Between the Hesco blocks and makeshift barricades at a checkpoint near the village of Arghandeh, Afghan police and soldiers keep watch for Taliban activity.
About 100,000 vehicles pass through the roadblock every day, the police said. It is one of six gates controlling the major roads leading to the Afghan capital and often comes under attack.
Security forces and civilians alike say the Taliban have encircled Kabul and have already begun infiltrating the outer suburbs of the Afghan capital as the withdrawal of US forces approaches.
Most people agree that the withdrawal on September 11 could lead to Taliban political dominance, and with many of the old warlords still vying for power and the longevity of the current government uncertain, some fear that Afghanistan could collapse into chaos or even a civil war.
On the day The National visited, thick storm clouds had rolled over Arghandeh, in the Paghman district on Kabul’s south-western edge, as security personnel checked dozens of cars for explosives and weapons at the checkpoint.
The road through the checkpoint becomes a dusty and uneven track shortly after passing the city’s boundaries, and leads out towards Wardak province and, eventually, to Kandahar – once the Taliban’s heartland.
Cars and trucks arrive from as far away as Spin Boldak on the border with Pakistan, where explosives and weapons are regularly smuggled into Afghanistan.
Kabul’s 6 million residents, who have witnessed a surge in violence in recent months, depend on the checkpoints for security.
The Arghandeh valley stretches far into the mountains that form a ring around Kabul.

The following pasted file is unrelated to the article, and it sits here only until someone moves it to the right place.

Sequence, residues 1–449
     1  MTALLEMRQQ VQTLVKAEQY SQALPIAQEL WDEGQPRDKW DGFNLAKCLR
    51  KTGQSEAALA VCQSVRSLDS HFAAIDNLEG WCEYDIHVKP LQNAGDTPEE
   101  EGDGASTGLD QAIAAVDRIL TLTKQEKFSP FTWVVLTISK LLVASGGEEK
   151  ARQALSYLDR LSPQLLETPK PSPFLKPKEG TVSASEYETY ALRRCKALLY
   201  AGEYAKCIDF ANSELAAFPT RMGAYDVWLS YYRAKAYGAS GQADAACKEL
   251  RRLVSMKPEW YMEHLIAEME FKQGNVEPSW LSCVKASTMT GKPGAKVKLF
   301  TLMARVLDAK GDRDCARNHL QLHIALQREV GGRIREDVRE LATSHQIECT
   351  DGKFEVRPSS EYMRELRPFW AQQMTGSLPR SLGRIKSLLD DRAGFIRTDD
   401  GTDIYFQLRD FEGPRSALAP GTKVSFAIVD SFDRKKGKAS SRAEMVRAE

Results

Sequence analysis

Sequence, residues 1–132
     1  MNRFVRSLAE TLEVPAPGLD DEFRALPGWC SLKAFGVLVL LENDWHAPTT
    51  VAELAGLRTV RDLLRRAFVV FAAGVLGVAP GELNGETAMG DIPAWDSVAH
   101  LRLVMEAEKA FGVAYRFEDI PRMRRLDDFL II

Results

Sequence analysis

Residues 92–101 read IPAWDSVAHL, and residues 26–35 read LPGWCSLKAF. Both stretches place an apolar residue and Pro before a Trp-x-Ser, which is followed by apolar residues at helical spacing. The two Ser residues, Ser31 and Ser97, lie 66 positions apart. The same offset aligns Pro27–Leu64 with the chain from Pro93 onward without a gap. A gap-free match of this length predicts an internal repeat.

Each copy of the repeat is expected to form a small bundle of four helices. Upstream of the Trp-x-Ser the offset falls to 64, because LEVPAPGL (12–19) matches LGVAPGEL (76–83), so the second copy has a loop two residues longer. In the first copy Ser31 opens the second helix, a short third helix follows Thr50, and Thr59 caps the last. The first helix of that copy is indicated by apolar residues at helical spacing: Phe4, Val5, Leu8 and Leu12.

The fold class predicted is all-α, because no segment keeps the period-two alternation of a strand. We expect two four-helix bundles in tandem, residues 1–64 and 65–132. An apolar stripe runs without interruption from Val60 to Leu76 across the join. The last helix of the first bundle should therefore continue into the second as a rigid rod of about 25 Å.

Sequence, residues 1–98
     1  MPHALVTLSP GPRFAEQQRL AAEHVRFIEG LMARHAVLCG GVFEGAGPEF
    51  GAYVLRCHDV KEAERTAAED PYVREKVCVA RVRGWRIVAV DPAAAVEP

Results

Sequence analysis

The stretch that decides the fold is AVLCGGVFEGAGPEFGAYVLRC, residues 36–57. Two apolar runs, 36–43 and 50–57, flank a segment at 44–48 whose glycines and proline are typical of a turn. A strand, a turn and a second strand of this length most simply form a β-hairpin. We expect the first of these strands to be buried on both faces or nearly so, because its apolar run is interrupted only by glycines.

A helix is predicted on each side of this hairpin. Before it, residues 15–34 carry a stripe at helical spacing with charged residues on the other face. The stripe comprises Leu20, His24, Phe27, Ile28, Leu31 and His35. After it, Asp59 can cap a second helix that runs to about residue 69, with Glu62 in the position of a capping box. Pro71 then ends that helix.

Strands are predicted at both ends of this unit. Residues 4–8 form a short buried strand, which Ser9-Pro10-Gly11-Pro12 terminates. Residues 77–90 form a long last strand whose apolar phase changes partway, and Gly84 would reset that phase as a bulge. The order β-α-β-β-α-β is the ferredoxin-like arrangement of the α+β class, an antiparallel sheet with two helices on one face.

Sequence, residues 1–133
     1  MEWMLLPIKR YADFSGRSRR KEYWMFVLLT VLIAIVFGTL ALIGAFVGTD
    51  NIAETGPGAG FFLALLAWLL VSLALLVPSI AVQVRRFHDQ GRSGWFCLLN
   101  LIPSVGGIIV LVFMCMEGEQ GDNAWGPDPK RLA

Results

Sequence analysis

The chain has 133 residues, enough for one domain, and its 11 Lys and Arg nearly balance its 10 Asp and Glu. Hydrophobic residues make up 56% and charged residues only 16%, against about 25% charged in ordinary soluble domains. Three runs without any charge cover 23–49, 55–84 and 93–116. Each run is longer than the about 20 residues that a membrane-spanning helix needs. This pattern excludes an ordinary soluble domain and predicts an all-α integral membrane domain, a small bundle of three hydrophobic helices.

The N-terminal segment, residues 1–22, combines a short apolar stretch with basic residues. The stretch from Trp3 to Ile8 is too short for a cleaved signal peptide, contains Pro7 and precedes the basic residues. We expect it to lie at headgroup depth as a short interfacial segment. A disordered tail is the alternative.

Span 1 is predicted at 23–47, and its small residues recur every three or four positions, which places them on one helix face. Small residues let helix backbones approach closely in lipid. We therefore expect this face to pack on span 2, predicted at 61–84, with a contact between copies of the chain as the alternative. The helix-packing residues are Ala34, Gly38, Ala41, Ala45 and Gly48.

The lower part of Arghandeh is still secure, but the upper part, in the hills, is “full of Taliban,” said Nurullah Wafa, 21, a soldier with the Afghan National Army (ANA), adding that he and his fellow soldiers were involved in frequent firefights.
Beside the checkpoint is a small base where the soldiers are stationed.
Its parking space was filled with Humvees, an ambulance and several dozen soldiers who either patrol the area or guard the outpost.
“The Taliban has snipers in this area too,” Mr Wafa said as he crouched while walking around the base’s highest point.
Further along the road towards Wardak’s capital Maidan Shah, some army posts sit deserted.
The Taliban forces operating in the area often set up their own checkpoints and plant bombs. Even further down the road, the militants have blown up several bridges.
The army and police stationed at the Kabul gates say the Taliban is at the doorstep.
But while the soldiers don’t feel safe, neither do civilians in Paghman district.
In Bektuk village, a picturesque cluster of green gardens and mud-walled houses, a group of teenage girls are on their way home from school in their black uniforms and white scarves,.
Shekiba Kadir, 18, said she was due to finish high school in a few weeks but no longer felt safe in the village.
“A few days ago, two IEDs were planted on the road I take to school,” she said, adding that they were later defused by the army, who were the apparent targets of the bombs.
“Since that day, I don’t feel safe anymore even going to school. It’s a short walk, maybe about 10 minutes, and now I keep checking the sides of the road and walk carefully.”
Shekiba’s village is not controlled by the Taliban. A village elder who oversees 20 communities in Paghman, including Bektut, told The National that six of them had been fully taken over by the Taliban, while four others were controlled by them at night.
“Refer to me as Ajmal in your story,” he instructed, fearing that revealing his real name would put him in trouble as he regularly has to negotiate with the militants.
Bektut is being kept safe by a small checkpoint, manned by 12 soldiers who were previously part of the Afghan local police. Once a US-funded unit, the local police forces were dismantled last year and the majority of their members integrated into the army.
The soldiers in Bektut said the Taliban were pushing forward with greater force than in previous years. They recently dug a small trench next to their outpost to help them repel militant attacks.
A neighbouring post on a hilltop was attacked within the last two weeks, they said, leaving one soldier dead and three injured.